A new digital procurement system processing all public tenders is set to change the face of ‘tenderpreneurship’ as Kenya knows it.
The National Treasury on Tuesday, August 10 invited local and foreign companies to bid for the development and operationalization of the system intended to curb corruption, tax evasion and money laundering among other financial malpractices. The system will be linked to the Kenya Revenue Authority (KRA), the Integrated Financial Management Information System (IFMIS), the Registrar of Companies and the National Council for Persons with Disability (NCPWD).
“The National Treasury invites sealed tenders from eligible candidates for the design, development, customization, supply, installation and maintenance of an electronic government procurement (e-Gp) system for the government of Kenya,” the public notice reads in part.
On the tax front, the creation of such a system will make it easier for KRA to track down the beneficiaries of state tenders accused of evading taxes. The taxman has been ramping up efforts to go after High Net Worth Individuals (HNWI) linked with tax evasion – increasing resources to its investigation and enforcement department and going on a recruitment drive to grow its workforce by over 6,000 in the next 3 years.
The link to the National Council for Persons with Disability (NCPWD) will enable easy verification of tenders allocated under programs which ensure People With Disabilities (PWDs) are guaranteed a share of opportunities to supply counties and the national government.
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But the jury remains out on whether the introduction of the e-procurement system will be able to put a dent in the country’s high-powered corruption and mismanagement of public funds. Public confidence, in particular, has undoubtedly been eroded by the failure of other public finance digital systems including IFMIS to live up to promises of delivering greater transparency.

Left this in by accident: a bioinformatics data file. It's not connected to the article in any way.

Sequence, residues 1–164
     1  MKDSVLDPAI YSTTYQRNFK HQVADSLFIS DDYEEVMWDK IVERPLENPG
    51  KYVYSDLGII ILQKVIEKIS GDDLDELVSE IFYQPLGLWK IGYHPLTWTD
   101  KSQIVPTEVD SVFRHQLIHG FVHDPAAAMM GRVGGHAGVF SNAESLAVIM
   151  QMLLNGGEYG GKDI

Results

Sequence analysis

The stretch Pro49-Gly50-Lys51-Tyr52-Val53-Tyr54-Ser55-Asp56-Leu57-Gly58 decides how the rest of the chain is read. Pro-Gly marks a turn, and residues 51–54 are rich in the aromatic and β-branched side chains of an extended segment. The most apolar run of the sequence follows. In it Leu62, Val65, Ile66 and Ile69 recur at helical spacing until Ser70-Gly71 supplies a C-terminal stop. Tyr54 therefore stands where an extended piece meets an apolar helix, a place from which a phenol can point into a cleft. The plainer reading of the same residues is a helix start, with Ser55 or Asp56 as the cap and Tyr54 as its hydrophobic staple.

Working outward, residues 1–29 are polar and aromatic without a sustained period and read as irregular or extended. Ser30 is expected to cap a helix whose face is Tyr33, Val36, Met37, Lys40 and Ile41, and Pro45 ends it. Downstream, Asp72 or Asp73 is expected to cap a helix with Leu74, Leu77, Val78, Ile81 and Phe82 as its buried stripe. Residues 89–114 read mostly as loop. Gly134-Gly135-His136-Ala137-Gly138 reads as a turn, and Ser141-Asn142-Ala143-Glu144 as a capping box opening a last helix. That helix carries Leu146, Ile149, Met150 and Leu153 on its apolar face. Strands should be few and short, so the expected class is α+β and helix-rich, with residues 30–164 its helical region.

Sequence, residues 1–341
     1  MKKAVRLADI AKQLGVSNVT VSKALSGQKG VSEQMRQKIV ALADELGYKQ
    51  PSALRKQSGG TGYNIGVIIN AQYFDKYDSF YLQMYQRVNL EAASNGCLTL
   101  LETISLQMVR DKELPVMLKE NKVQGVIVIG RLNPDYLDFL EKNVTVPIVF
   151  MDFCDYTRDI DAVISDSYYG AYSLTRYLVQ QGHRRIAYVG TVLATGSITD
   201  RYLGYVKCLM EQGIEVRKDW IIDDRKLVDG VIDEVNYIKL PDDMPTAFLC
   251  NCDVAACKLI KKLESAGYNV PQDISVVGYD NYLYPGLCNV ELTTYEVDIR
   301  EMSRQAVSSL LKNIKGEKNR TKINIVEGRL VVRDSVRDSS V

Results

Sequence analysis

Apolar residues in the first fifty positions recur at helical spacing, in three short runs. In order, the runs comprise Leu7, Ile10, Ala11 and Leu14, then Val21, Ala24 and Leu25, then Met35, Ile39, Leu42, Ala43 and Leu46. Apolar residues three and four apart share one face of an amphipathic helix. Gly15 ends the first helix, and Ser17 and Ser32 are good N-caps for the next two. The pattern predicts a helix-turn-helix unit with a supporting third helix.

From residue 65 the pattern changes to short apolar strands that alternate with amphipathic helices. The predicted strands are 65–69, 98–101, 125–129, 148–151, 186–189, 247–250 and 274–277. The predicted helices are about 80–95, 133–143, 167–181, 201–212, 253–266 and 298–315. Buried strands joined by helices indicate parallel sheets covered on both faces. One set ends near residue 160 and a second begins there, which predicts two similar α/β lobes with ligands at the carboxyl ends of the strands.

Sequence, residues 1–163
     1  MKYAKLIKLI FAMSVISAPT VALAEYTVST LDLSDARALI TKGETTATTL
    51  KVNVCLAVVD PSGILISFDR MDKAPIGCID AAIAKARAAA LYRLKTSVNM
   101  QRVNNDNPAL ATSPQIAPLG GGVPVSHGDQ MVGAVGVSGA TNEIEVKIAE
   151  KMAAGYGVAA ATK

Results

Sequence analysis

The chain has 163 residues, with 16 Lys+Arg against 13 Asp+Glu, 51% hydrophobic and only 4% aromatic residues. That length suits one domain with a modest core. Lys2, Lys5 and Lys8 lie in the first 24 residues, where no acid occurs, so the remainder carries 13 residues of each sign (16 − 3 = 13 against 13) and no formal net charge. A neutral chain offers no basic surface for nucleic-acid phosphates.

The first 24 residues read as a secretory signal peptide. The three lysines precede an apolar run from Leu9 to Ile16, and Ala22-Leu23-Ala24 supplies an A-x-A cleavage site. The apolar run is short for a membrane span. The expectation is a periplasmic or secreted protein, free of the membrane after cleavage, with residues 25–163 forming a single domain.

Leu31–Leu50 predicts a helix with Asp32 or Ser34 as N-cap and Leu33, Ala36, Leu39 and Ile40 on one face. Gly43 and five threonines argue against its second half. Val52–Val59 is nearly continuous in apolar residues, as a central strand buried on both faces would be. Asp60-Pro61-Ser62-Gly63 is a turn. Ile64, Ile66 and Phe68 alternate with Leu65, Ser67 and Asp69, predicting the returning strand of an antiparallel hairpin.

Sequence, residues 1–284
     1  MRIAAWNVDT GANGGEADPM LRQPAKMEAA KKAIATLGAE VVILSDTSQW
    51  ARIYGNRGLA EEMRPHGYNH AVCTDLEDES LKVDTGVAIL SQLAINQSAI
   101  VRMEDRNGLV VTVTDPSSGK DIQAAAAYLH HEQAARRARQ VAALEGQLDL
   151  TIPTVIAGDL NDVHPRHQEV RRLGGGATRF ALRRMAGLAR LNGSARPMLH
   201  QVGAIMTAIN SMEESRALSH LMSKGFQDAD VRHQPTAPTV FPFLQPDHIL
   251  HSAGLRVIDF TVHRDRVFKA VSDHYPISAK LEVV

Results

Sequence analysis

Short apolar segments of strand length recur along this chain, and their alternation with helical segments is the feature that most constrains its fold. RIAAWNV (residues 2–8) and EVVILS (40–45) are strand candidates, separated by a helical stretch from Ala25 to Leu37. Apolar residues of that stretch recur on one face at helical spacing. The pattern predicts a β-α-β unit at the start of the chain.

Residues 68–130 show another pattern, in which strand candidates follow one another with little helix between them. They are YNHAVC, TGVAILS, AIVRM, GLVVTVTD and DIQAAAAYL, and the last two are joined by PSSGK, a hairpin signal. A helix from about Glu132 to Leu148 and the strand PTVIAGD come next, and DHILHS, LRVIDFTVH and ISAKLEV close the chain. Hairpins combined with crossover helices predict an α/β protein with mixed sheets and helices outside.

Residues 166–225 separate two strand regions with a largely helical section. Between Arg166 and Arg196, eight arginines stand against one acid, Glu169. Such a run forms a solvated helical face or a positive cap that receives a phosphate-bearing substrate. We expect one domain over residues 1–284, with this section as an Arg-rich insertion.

IFMIS, and its deliberate misuse and manipulation, has been at the center of numerous corruption scandal investigations since its introduction.
About Ksh11 billion was spent to set up IFMIS, which is essentially used to pay for services delivered to government agencies and disburse money to the 47 counties. Reports from the Auditor General have however unearthed numerous loopholes in the system that have helped facilitate loss of public funds.
For instance, unauthorized users have been able to easily gain access to the system as passwords did not expire and there were multiple duplicate vendor identities – which enabled some suppliers to get paid multiple times.
Some, including former ICT PS Bitange Ndemo who currently teaches at the University of Nairobi (UoN) School of Business, have speculated that such loopholes and oversights are deliberately built-into the systems to facilitate corruption despite the promise of transparency.
“ÏFMIS should have been in the cloud. The easy human intervention when one just needs to switch it off once every quarter to facilitate payments for orders outside the budget is something very deliberate,” Ndemo stated in 2019 while commenting on the Auditor-General’s report. “The beautiful thing about going digital is that the theft can be traced, digital footprints are not easy to erase,” he added.
Notably, the new e-procurement system will get rid of much of the paperwork which currently characterizes the procurement process in government.
But as to whether it will help stamp out corruption? Only time will tell.
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